“That’s him,” James Harris says with a smile as he points to a photo of his nephew who was promoted to the rank of Brigadier General in the Virgin Islands Army National Guard in June.

“He is the baby of five children,” Harris said about Shawn A. Harris. “My brother, Charles, was killed in an automobile accident when this young man was about 26 months old so he never got to know his dad.”

Harris said that another brother stepped in to serve as a “second father” to the children. “They all five have turned out to be very productive citizens.”

The Harris family tree is filled with military members, Harris, said showing a photo from the new general’s promotion ceremony that includes Col. Keith R. Harris; Capt. John Charles Vaugns and his wife Capt. Nancy Vaugns, both medical doctors; Capt. Shawn Dre Harris, the general’s son; and Maj. Christopher Vaugns, also a medical doctor.

With a military and civil service career that spans 43 years, Harris reflects on his life that began in Blakely, Ga. “I think the kind of experience that you get in the military is second to none,” Harris said. “It causes you to grow up in a hurry.

“As you go up the ranks, you get greater and greater responsibility,” he added. “I just think it is a great opportunity to grow professionally and personally.”

Harris said his own inspiration to join the military came from a soldier named Raymond Caesar who returned to Blakely, Ga., from World War II. “I saw him and I thought that was something that I wanted to do,” Harris recalled.

Harris and his wife of more than six decades, Frances, graduated from Washington High School in Blakely, Ga., in May 1955. He enlisted in the United States Army and she went on to Albany State College in Albany, Ga., graduating in the spring of 1959 with a degree in elementary education.

Harris did basic training at Fort Jackson, S.C., and went to train as an armor crewman at Fort Knox, Ky.

When the couple married Dec. 22, 1958, he was stationed at Fort Benning, Ga., and she was a senior at Albany State.

Their first child, Sharlayne Angela, was born at Fort Hood, Texas, and lived just one day. The couple subsequently became the parents of James Woodrow Jr., Ramona Lynne, Rhonda Kaye and Brian Christopher.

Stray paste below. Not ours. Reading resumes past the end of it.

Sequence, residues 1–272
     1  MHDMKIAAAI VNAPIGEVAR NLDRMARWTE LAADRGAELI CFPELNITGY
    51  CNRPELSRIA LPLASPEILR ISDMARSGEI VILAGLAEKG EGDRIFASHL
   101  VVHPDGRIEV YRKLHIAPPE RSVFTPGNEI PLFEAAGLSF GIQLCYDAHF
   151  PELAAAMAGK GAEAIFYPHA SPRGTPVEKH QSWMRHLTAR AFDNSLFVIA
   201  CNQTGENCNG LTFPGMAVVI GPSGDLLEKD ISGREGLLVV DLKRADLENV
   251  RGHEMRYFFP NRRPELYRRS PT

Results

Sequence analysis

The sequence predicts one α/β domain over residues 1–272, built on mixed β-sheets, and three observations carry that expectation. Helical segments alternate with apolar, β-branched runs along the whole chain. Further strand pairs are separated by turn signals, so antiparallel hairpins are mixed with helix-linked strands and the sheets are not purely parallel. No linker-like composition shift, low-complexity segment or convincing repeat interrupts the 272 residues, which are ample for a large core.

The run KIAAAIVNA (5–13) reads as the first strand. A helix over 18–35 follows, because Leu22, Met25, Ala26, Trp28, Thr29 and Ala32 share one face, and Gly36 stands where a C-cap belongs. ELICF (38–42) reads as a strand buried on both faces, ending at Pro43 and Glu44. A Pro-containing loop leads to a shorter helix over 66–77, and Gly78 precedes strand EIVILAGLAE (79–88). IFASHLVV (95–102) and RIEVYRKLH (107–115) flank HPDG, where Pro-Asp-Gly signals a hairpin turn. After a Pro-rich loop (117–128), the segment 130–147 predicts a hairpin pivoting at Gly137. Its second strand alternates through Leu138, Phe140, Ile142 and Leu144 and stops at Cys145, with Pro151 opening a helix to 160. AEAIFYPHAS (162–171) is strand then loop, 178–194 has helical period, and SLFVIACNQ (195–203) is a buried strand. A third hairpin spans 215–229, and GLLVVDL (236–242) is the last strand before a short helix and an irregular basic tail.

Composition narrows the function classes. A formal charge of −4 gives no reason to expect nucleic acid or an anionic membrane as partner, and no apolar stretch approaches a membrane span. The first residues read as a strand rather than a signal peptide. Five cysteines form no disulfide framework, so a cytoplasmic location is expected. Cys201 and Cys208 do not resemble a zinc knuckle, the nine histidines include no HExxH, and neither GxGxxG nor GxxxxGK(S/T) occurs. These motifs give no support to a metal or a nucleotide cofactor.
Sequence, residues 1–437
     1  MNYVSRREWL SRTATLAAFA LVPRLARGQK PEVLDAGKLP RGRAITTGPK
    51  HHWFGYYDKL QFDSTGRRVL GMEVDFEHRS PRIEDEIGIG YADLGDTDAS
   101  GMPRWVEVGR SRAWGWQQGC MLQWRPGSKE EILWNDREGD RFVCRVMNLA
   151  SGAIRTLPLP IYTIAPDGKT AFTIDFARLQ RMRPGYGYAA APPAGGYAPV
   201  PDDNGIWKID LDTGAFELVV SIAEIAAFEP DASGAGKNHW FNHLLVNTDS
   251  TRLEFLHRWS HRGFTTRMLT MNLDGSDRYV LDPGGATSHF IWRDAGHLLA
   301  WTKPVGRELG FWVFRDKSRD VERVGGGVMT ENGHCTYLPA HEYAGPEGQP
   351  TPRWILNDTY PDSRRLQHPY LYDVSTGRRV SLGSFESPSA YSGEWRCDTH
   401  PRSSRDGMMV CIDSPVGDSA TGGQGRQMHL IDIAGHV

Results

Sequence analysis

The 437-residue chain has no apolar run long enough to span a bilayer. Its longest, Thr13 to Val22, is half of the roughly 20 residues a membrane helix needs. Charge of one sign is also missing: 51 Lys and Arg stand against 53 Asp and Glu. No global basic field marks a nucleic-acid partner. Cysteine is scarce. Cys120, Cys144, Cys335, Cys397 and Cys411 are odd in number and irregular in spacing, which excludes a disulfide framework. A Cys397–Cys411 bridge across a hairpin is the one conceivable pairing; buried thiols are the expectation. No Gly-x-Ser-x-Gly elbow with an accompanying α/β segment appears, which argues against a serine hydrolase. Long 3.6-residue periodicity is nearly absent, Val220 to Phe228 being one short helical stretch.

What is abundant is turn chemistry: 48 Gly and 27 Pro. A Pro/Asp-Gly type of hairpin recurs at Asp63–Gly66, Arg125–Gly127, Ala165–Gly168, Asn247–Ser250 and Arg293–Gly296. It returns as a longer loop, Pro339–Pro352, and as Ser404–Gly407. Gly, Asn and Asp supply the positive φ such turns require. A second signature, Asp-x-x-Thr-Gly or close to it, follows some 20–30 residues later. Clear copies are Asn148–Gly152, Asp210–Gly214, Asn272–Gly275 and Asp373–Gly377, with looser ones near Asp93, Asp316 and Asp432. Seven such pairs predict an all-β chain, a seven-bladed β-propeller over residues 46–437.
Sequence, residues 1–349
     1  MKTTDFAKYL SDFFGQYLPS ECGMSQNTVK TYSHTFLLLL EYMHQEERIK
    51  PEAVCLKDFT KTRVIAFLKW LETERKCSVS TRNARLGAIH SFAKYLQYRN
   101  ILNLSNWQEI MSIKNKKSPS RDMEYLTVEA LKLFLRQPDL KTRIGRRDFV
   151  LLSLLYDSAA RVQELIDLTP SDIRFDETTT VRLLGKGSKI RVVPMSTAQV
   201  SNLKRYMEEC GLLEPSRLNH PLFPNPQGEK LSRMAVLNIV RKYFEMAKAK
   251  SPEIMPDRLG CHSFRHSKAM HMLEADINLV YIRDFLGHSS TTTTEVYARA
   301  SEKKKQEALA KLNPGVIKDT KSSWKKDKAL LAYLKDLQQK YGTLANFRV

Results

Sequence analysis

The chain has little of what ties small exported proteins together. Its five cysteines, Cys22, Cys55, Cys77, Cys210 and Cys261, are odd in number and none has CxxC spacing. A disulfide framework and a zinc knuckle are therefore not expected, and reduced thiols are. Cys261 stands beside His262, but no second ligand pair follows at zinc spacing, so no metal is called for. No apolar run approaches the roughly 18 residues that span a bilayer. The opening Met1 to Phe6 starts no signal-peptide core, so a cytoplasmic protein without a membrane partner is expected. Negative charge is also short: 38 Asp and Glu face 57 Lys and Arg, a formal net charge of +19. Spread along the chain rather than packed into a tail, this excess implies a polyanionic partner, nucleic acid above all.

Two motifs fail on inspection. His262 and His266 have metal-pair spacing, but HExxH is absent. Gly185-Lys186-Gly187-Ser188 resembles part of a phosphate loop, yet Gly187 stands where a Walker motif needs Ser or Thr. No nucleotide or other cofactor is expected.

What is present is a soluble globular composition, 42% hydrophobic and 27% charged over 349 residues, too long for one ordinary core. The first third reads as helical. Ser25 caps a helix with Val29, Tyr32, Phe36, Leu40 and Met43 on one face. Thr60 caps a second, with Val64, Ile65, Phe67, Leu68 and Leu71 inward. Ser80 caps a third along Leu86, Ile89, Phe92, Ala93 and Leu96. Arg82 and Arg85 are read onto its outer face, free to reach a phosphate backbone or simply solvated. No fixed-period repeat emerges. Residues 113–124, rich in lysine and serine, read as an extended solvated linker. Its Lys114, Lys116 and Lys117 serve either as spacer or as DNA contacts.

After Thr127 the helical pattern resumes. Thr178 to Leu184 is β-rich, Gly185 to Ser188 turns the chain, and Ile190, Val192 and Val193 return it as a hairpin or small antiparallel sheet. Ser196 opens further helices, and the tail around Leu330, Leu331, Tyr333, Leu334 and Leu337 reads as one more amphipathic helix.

As a tank crewman, loader, driver, gunner, tank commander and ultimately, a tank platoon sergeant, Harris completed two tours in Germany, two tours in Korea and other stateside assignments to include Fort Sill, Okla.; Fort Benning, Ga.; the Tuskegee Institute; and Fort Rucker.

After becoming a tank platoon sergeant, Harris was assigned to G-3 in the 3rd Armored Division Headquarters in Frankfurt, Germany, where he served in the training division.

Harris was next assigned to the U.S. Army Armor Training Center at Fort Knox, Ky., where he served as first sergeant, battalion operations sergeant in an Advanced Individual Training battalion, senior noncommissioned officer of the marksmanship training division, basic combat training committee group, as operations sergeant major and ultimately, chief instructor for the committee group.

After serving a stint as an instructor at Tuskegee Institute, Harris was next assigned as command servant major of the 1st Brigade, 2nd Infantry Division at Camp Casey, Korea.

Twice Harris was given orders to Vietnam. On both occasions the orders were revoked due to impending promotions in rank to master sergeant in 1967 and sergeant major in 1969.

At the Home of Army Aviation, Harris was assigned as command sergeant major to the 46th Engineer Battalion and then as sergeant major of the 1st Aviation Brigade. Harris retired from active duty in 1978 at the rank of Command Sergeant Major

After serving as a JROTC instructor in Dothan, Harris transitioned into a second career as a civil servant in the Equal Employment Opportunity office at Fort Rucker.

After completing an internship in 1982, Harris was promoted to GS-11 as an EEO Specialist. He was promoted to the Equal Employment Opportunity Officer GS-13 in 1991 and retired from that position on May 31, 2000.

His awards include numerous Commanders Awards, Performance Awards and Sustained Superior Performance Awards. For “exceptionally meritorious service,” Harris received the Superior Civilian Service Award at his retirement ceremony.

Harris’s wife retired in 2000 after teaching 32 years in Blakely, Ga.; Killeen, Texas; Fort Knox, Ky; and Ozark. Both remain active in the Ozark community where they chose to retire.

Baptized together at Bethany Seventh Day Adventist Church in Montgomery in 1973, the husband and wife now serve their church in Ozark, the Shiloh Seventh Day Adventist Church. He is the First Elder and she has served as the church treasurer for more than 40 years.

Currently Harris serves as a facilitator for a nondenominational men’s community Bible study in Ozark that meets at 6:30 a.m. each Tuesday.

Harris most recently served 10 years on the Ozark City School Board where he received the highest award that can be bestowed by the Alabama Association of School Boards in 2017. “I give God all the glory and honor for that,” he said. “And I credit the people that I served with because in order for you to receive that recognition, the local school board has to pass a resolution in support of the nomination.

“We should seek to wear out and not rust out,” Harris said, quoting Dr. Charles Dudley, a past president of the South Central Conference of Seventh Day Adventists. “My wife and I are both committed to ‘wearing out’ in the service of God and humanity.”

Harris said one of his favorite Bible verses is in the Book of Proverbs, Chapter 3, verses 6 and 7. “In all thy ways acknowledge Him and and He shall direct thy path. Be not wise in thine own eyes, fear the Lord and depart from evil,” he said. “I think that has stood me in good stead.”

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